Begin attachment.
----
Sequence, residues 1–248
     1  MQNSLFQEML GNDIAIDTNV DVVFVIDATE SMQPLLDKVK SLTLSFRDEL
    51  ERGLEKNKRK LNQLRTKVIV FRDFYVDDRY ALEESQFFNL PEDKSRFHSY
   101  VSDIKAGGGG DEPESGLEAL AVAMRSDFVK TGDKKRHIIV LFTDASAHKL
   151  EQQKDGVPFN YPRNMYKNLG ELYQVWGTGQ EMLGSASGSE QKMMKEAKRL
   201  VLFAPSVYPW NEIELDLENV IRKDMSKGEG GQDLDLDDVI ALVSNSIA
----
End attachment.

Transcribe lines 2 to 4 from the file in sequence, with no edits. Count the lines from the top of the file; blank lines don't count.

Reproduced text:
     1  MQNSLFQEML GNDIAIDTNV DVVFVIDATE SMQPLLDKVK SLTLSFRDEL
    51  ERGLEKNKRK LNQLRTKVIV FRDFYVDDRY ALEESQFFNL PEDKSRFHSY
   101  VSDIKAGGGG DEPESGLEAL AVAMRSDFVK TGDKKRHIIV LFTDASAHKL